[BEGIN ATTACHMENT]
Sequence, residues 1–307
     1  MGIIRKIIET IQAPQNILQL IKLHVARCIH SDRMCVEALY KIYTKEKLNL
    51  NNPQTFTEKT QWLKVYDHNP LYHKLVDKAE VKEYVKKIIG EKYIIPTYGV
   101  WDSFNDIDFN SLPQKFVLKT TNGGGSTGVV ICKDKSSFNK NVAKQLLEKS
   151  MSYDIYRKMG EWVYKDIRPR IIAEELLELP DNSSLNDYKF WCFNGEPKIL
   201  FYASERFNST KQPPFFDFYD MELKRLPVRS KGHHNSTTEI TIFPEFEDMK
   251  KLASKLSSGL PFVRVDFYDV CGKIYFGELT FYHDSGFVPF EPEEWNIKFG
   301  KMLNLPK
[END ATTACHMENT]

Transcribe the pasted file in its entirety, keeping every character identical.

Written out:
Sequence, residues 1–307
     1  MGIIRKIIET IQAPQNILQL IKLHVARCIH SDRMCVEALY KIYTKEKLNL
    51  NNPQTFTEKT QWLKVYDHNP LYHKLVDKAE VKEYVKKIIG EKYIIPTYGV
   101  WDSFNDIDFN SLPQKFVLKT TNGGGSTGVV ICKDKSSFNK NVAKQLLEKS
   151  MSYDIYRKMG EWVYKDIRPR IIAEELLELP DNSSLNDYKF WCFNGEPKIL
   201  FYASERFNST KQPPFFDFYD MELKRLPVRS KGHHNSTTEI TIFPEFEDMK
   251  KLASKLSSGL PFVRVDFYDV CGKIYFGELT FYHDSGFVPF EPEEWNIKFG
   301  KMLNLPK